The 10 most common questions asked by Seattle Home Buyers

Posted by George Beasley on Monday, May 21st, 2018 at 2:00pm.

We work with many buyers in the Seattle market and here are the most common questions regularly asked by Seattle home buyers:

Q: Will I be able to buy a house in this market?

A: I think this question comes from many reports on just how tight the Seattle real estate market is and how difficult it is for some buyers to make a home purchase due to the increasing competition amongst buyers. The short answer is: Yes, you will be able to buy a home in this market, that is if you look at the market realistically and do what is necessary. The key is to be Market Ready. I see frustrations come from buyers that try to bend the market to their will, this simply will not work. You must bend to the will of the market or you simply will not be able to buy a house. But for anyone that is committed to making a purchase, I can assure you that we can make it happen.

Q: How long will it take to buy a home?

A: This depends on the commitment of the buyer. To be realistic, it can take anywhere between a few days to many months. It takes buyers that are new to the market some time and experience to get a feel for value, homes types, the competitive nature of the market, and the type of financing you're using. It is rare for a buyer to win the first home they bid on, but it certainly is not unheard of. Depending on your style, I would advise 3-6 months to succeed. 

Q: If I have a lease, when should I start looking?

A: Now! Regardless of when your lease expires, you should start looking for your new home right away. If you think you need to time the search and purchase down to the very end of your lease, you will likely end up in a bind. The best advice I can give in this market is to consider an early termination of your lease as the cost of doing business. I understand the cost to this, but it will be near impossible to time a purchase in a competitive market.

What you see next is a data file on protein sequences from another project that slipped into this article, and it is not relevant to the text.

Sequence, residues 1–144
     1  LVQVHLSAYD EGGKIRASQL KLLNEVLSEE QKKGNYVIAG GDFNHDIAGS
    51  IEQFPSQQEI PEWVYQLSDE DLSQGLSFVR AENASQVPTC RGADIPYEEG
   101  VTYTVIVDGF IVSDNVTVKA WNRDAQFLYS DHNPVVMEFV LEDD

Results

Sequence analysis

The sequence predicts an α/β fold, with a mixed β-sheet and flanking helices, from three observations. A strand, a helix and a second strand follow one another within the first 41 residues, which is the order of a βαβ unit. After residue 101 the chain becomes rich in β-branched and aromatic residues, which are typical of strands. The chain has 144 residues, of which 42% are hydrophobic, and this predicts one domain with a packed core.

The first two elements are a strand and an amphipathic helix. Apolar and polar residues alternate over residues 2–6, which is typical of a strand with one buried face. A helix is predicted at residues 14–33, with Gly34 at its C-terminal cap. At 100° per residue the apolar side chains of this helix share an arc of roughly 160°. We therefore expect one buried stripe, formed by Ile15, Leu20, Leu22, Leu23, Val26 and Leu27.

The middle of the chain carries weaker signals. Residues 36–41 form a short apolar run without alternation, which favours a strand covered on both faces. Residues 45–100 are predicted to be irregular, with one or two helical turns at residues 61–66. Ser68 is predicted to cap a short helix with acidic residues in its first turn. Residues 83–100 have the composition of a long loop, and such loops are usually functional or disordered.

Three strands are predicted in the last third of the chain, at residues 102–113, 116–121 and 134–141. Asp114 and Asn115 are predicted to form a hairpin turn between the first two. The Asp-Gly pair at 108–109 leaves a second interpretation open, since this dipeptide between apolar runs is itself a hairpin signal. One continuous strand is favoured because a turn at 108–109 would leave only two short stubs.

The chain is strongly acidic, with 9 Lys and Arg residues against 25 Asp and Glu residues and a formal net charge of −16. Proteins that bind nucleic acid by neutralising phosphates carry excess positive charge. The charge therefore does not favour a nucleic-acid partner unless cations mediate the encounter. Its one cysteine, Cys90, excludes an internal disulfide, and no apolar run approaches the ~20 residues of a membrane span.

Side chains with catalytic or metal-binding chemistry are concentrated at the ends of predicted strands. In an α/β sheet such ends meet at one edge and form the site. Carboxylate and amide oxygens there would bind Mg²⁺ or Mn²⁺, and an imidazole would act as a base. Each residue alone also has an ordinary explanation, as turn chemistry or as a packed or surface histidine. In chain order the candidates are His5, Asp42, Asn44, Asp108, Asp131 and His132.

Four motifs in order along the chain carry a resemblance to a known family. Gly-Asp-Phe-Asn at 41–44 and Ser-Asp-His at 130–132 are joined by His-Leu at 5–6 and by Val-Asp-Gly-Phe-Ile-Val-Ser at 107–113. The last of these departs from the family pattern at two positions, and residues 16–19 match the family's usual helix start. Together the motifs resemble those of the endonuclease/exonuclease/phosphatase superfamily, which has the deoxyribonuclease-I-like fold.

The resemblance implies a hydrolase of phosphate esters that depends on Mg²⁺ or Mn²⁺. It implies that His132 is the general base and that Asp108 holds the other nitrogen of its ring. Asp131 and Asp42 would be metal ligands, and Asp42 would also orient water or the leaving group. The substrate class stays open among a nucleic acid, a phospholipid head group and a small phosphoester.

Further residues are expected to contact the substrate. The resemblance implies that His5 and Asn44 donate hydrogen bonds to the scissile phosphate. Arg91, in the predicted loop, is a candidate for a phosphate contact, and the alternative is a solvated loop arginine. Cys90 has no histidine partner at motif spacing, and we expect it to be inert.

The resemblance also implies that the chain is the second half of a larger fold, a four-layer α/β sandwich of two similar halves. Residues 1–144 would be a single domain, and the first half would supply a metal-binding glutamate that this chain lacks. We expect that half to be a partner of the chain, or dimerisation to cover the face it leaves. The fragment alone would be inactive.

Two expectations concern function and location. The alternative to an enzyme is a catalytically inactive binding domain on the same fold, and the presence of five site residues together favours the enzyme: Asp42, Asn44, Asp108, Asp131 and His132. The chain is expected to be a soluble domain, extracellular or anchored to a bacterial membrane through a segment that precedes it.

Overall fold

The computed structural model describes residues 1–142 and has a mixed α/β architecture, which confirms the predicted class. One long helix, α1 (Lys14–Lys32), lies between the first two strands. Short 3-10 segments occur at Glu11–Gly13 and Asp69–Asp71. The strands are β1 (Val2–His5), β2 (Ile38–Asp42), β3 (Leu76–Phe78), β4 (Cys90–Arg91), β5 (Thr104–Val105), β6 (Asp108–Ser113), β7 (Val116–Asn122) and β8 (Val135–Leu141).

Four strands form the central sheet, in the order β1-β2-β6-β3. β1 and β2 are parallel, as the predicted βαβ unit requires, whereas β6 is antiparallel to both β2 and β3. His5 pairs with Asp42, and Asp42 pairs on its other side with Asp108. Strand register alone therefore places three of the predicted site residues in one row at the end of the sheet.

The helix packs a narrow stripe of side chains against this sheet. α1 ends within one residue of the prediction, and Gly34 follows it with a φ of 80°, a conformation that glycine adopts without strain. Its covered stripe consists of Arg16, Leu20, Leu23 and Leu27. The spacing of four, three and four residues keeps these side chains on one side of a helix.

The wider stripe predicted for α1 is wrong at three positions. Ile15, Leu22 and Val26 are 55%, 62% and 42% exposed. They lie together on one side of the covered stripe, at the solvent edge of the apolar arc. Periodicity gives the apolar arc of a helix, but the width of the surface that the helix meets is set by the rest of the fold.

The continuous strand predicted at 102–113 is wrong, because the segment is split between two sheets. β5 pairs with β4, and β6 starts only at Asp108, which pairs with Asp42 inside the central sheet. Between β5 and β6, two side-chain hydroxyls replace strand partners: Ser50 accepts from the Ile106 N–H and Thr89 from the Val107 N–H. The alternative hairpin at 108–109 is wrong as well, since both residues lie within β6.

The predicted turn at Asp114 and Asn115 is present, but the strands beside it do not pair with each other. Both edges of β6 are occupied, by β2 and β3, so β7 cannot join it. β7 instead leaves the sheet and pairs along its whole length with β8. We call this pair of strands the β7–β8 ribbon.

Q: Will I have to waive all contingencies?

A: Contingencies are an escape from a contract to purchase a home, and this is extremely concerning to any seller. So including contingencies can make the difference between a successful purchase -vs- a losing proposition. Be strategic, ask yourself what can I do to make sure we don't need contingencies before we submit our offer. This is a critical element to competing with other buyers. You want your offer to stand out and one way to do it is to waive as many contingencies as possible with your offer. To do this you can inspect the home before you submit your offer. You can get fully underwritten so that your financing is secure. You can review the title report prior to writing your offer. You can read and approve all condo docs before you present an offer. These are all the contingencies that most buyers would want in their offer. But by doing the due-diligence before you write your offer, you can put in a nice clean offer that will be extremely attractive to any seller.

Q: How much Earnest Money will I need?

A: Generally speaking, a seller is going to be expecting 3% of the offer price to go into escrow as earnest money. Some very aggressive buyers are releasing the earnest money to the seller with a fully accepted offer. Yikes!

Q: How long does it take to close?